Food hubs can take many forms, but their main purpose is to connect farmers and other growers with the burgeoning market for their produce. In order to focus on this role, one western New York organization has launched an on-line survey for both producers and consumers.
Field & Fork Network, which serves producers in Erie, Niagara, Chautauqua, Allegany, Cattaraugus, Wyoming, Genesee, Orleans, Monroe, Livingston, Wayne, Yates, and Ontario counties, including all the westernmost counties bordering Ohio, as well as the greater Buffalo, Niagara Falls, and Rochester areas, has received a $175,000 grant to determine the feasibility of a food hub. The organization describes itself thus in its website: "We strive to create a practical economic engine for local, sustainable agriculture and to provide our region with access to fresh, healthy food."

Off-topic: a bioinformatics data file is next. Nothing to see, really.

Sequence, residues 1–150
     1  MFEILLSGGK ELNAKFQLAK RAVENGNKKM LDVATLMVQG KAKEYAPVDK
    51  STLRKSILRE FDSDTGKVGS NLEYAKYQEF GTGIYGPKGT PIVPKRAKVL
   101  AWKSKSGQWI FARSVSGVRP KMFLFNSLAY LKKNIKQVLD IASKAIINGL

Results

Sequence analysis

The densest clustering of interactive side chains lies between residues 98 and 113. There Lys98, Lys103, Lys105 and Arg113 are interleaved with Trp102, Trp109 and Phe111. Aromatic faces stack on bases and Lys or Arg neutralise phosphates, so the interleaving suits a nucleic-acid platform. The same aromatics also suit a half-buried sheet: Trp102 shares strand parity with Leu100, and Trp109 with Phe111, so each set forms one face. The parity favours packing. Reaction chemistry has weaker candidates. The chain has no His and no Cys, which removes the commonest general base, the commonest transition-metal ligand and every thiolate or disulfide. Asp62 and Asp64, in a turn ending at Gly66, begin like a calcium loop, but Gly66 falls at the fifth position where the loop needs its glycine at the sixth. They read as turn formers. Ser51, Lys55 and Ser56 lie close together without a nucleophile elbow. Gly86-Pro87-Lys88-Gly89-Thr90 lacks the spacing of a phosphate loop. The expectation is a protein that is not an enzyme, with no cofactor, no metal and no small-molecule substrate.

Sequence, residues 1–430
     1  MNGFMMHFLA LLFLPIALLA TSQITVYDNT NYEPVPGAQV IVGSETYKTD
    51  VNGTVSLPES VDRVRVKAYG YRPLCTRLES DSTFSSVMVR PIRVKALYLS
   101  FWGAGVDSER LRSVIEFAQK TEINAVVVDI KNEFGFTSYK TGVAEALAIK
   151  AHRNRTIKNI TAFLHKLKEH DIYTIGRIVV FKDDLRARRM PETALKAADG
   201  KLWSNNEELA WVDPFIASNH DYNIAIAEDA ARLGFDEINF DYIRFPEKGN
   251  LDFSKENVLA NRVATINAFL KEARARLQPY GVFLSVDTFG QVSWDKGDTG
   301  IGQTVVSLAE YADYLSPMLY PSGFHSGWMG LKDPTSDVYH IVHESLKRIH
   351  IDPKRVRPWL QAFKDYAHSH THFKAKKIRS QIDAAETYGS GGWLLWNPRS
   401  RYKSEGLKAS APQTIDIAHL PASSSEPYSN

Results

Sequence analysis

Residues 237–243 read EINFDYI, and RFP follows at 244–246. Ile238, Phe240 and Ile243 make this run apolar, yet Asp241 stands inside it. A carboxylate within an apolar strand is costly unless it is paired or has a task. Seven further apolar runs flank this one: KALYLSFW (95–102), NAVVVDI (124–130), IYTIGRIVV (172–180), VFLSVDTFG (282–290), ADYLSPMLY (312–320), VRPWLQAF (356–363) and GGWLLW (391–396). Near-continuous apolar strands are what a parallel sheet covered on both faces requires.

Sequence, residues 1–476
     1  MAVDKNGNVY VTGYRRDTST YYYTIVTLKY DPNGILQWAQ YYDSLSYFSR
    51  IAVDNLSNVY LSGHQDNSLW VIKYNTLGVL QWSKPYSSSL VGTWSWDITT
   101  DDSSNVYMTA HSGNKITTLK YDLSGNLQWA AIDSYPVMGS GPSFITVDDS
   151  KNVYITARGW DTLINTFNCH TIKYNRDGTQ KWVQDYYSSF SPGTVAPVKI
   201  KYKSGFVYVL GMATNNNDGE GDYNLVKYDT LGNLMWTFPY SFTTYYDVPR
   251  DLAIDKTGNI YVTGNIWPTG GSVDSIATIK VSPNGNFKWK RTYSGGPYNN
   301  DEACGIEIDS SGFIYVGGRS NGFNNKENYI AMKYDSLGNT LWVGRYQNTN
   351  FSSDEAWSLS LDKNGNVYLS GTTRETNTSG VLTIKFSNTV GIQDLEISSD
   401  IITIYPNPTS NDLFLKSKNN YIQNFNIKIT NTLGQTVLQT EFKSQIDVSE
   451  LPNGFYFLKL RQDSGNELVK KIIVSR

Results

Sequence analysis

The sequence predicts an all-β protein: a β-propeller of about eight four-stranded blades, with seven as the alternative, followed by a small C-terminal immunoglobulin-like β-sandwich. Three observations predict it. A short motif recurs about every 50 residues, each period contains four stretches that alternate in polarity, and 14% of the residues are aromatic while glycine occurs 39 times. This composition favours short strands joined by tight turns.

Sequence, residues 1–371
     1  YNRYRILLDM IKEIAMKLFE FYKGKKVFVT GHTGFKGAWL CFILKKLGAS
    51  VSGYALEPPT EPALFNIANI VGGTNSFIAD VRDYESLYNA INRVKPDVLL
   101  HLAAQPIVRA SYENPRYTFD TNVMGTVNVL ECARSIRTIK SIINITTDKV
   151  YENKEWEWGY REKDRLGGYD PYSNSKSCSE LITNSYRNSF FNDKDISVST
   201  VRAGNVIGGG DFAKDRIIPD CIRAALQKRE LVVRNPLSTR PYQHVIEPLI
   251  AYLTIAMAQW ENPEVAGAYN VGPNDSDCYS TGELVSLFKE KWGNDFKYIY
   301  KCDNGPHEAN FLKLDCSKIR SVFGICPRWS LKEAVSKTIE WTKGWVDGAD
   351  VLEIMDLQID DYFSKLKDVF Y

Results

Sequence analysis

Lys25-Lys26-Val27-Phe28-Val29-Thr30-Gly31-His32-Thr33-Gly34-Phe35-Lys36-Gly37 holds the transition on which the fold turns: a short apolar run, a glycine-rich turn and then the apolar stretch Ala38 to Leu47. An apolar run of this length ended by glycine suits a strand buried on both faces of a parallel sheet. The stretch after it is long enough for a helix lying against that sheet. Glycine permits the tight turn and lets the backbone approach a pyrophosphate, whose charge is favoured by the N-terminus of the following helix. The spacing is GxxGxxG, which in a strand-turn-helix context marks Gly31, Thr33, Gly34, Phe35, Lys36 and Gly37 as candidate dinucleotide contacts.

At the westernmost edge of our region, the Illinois food hub Stewards of the Land is doing some of its best work by supporting farmers who are just starting out. Marty and Kris Travis are the Fairbury farmers who saw a need for a food hub in their rural Illinois area. Small family farms join for a nominal fee. They then get reduced liability insurance, and access to a wider market.
"The new generation of farmers is a little over half the group," Marty Travis told NPR on Monday. "Many of them were under the age of 18 when they joined. We're very interested in growing great produce, but we're also very passionate about growing great farmers." This includes 16-year-old entrepreneur Derek Stoller, who joined Stewards of the Land at age 9.
Locally, Green BEAN Delivery is a for-profit business with a mission to connect farmers and consumers. A variety of produce and products is always available, and they deliver to your door. There are CSAs which deliver, also, such as Rice Family Harvest, but they serve a limited area. Green BEAN Delivery is a great option for those whose do not live in these areas.